Recovery and resilience, the ability to operate under the conditions of uncertainty – these challenges are now becoming the key tasks for each organisation. The research of the organisation’s concept of resilience is primarily linked to ecological sciences, followed by studies in social sciences linked to vulnerability and resilience of social groups, communities, cities, and organizations as systems. The efforts of scientists to develop the analysis, measurement instruments of resilience, observable resilience indicators systems, indices, regional vulnerability maps, development of regional resilience policies, etc. are visible. Scientists indicate that resilience is a complex ability and process and can be defined differently, depending on the contexts, but all of them are united by the notion that it is a positive effect in preparing for or after challenges, that it must be encouraged (Lee et al., 2016). The organisation’s theoretical concept of resilience is not widely developed and there is a lack of information on how organisations become resilient.
The research aims to define the concept of organisation’s resilience, its features and factors as well as to reveal the concept of the resilience of hospitals in the theoretical context of the resilience of the organisation. The following research methods were used: the analysis, generalization and systematization of the content of scientific literature, synthesis of ideas based on scientific analysis.
The definition of the concept of organisation’s resilience is based on a previous empirical research conducted by Barasa et al. (2018) as well as on the latest scientific insights:
The theoretical concept of organization’s resilience is developed by defining external and internal factors of resilience. The external factors of the resilience of public sector organisations include the following: 1) political factors that directly or indirectly influence organisations’ involvement in a greater focus on the organisation’s sustainable development, unforeseen challenges in the long term; 2) economic factors (e.g. availability of financial resources); 3) technological factors (e.g. availability of hardware and software; digital progress), social factors (e.g. decentralisation as management practice in the public sector, coordination of systems, greater awareness of resilience in society, etc.). Disseminating the experience of business organisations in adapting to challenges in the media has also become a social factor.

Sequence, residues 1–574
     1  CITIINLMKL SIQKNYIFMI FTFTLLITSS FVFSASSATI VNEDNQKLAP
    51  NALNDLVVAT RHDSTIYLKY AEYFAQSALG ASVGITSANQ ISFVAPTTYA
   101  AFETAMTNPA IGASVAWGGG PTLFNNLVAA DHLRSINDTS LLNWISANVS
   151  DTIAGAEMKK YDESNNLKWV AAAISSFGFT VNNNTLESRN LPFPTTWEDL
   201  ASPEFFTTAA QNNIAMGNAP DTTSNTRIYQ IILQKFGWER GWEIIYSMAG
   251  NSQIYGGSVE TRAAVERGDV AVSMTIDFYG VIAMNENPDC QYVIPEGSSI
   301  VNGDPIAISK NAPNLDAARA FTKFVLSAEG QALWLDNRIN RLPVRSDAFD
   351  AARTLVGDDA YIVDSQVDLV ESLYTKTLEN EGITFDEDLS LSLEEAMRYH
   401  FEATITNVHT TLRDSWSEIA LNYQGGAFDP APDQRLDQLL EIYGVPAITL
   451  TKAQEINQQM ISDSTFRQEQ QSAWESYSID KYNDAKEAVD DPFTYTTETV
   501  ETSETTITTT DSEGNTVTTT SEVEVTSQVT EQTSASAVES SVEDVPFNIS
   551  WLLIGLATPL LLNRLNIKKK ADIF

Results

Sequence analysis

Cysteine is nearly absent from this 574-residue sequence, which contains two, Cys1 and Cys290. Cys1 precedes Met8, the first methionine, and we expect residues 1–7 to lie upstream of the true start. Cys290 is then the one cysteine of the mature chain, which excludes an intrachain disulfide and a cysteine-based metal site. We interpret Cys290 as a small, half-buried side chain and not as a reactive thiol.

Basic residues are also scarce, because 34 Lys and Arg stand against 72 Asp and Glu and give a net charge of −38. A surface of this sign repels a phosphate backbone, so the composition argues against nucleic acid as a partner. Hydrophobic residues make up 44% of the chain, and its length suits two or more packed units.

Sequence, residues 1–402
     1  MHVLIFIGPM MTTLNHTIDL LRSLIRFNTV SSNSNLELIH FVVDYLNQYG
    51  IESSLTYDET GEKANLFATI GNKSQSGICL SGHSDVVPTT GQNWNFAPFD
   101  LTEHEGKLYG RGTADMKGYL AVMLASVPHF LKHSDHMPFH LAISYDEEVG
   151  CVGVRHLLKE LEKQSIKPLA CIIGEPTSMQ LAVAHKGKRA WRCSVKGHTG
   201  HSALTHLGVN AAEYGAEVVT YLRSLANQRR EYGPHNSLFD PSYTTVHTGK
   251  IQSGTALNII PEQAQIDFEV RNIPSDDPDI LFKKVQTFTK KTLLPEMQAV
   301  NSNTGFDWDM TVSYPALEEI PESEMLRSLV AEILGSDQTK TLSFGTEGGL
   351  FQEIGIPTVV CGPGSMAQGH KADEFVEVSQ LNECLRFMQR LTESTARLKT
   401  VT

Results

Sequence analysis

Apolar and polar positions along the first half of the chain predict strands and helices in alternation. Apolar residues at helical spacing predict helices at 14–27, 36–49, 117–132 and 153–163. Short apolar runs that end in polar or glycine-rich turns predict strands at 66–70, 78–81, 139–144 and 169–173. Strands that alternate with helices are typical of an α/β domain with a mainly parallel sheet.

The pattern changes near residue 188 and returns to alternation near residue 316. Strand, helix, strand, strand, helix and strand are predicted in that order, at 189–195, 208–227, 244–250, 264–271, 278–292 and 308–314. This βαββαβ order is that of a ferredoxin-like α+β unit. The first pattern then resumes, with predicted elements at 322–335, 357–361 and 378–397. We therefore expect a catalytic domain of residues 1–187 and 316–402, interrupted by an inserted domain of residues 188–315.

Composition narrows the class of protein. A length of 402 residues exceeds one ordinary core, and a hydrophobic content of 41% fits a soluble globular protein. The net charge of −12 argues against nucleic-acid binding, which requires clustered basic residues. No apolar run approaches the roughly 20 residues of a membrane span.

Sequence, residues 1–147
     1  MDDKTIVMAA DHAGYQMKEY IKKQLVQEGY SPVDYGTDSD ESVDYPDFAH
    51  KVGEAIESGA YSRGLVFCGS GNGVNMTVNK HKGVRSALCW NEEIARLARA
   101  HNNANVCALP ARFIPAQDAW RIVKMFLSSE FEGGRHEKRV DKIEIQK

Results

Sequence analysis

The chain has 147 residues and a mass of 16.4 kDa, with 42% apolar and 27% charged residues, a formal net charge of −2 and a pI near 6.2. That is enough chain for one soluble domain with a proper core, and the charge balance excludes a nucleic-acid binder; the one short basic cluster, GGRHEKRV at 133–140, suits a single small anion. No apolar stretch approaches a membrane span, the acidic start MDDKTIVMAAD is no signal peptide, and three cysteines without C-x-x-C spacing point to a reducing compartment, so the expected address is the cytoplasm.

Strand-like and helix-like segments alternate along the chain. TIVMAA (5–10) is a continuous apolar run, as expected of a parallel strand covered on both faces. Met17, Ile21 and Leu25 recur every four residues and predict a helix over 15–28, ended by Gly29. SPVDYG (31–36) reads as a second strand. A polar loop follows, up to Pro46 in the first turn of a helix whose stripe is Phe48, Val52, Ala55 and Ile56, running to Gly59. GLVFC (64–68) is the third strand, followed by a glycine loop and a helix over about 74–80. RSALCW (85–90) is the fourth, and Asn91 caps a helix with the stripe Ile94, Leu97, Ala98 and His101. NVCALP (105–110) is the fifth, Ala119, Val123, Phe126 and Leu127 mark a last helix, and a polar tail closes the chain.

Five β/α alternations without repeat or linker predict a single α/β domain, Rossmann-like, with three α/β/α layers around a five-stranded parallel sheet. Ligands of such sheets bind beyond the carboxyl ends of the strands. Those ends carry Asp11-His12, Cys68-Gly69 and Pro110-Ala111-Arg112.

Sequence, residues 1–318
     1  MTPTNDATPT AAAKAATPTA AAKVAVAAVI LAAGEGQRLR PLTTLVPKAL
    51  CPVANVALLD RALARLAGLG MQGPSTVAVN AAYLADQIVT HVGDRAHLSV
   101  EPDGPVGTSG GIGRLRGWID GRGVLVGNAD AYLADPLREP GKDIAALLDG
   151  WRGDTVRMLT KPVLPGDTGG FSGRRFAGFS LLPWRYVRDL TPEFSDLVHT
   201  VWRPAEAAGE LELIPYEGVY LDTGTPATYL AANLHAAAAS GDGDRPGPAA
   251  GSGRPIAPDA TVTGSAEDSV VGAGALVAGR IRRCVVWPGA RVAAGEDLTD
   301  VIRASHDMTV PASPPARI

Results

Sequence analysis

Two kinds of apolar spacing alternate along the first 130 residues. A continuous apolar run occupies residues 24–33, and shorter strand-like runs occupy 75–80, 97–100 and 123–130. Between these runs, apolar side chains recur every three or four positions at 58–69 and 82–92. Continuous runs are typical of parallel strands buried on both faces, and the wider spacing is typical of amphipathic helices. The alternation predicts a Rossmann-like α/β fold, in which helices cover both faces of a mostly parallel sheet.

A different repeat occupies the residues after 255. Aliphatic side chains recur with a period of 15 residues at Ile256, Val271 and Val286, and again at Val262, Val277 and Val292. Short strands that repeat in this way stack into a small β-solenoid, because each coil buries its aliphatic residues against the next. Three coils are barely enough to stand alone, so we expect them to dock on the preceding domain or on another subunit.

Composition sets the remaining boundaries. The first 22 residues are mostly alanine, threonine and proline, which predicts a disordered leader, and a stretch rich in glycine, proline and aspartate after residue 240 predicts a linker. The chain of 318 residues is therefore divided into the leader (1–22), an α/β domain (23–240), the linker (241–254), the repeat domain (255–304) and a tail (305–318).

According to scientific practice (Barasa et al. (2018); Gečienė (2020)), to analyse the passive and active resilience of the organisation, we have divided the internal factors of the organization’s resilience into two groups:
1. Passive or operational, adaptive resilience of the organisation. The factors are as follows: 1) prudent management of public (physical, economic, organisational, social, human) capital, assets held or entrusted with management; management of organisational change management, absorption, adaptability, reconstruction capacity is essential; 2) a balanced organisational routine and structure; 3) management and continuous improvement of internal information and communication systems; 4) management (managerial) practices; 5) organizational culture.
2. Active or planned, strategic, otherwise capability-oriented resilience of the organization. The factors are as follows: 1) the organisation’s resilience planning, strategy; 2) the organisation’s external policy focused on strengthening resilience; 3) continuous involvement in the analysis, application, development of managerial innovations; 4) leadership and continuous improvement of the organisation’s resilience competencies.
Hospitals are organisations whose management is subject to the same managerial principles as in budgetary institutions in general, and therefore the analyzed resilience features of organizations are also applicable to hospitals. Due to the specific purpose of organisations (human health is one of the most important values, health care is a constitutionally justified objective and public interest) and relevance during the 2020–2021 pandemic, there is an increase in the discourse of the scientific resilience of the health system, driven also by increased interaction between politicians, scientists and medical professionals. The resilience of the health system and individual health care institutions is becoming a priority objective of public policy, and the issue of resilience is linked not only to post-crisis recovery but also to the active prospect of resilience – to be prepared for future challenges. In addition to adaptive and planned resilience in the discourse of health system, science activates a discussion on the concept of everyday resilience, as hospitals have to deal with unforeseen challenges every day, the consequences of which can affect patients.
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